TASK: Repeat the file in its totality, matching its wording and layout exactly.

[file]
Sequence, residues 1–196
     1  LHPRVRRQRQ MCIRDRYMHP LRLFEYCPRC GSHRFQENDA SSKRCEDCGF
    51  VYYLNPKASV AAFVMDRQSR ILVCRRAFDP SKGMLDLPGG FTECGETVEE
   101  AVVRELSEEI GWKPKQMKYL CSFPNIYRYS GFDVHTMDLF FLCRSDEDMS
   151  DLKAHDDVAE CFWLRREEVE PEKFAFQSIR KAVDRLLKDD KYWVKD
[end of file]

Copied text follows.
Sequence, residues 1–196
     1  LHPRVRRQRQ MCIRDRYMHP LRLFEYCPRC GSHRFQENDA SSKRCEDCGF
    51  VYYLNPKASV AAFVMDRQSR ILVCRRAFDP SKGMLDLPGG FTECGETVEE
   101  AVVRELSEEI GWKPKQMKYL CSFPNIYRYS GFDVHTMDLF FLCRSDEDMS
   151  DLKAHDDVAE CFWLRREEVE PEKFAFQSIR KAVDRLLKDD KYWVKD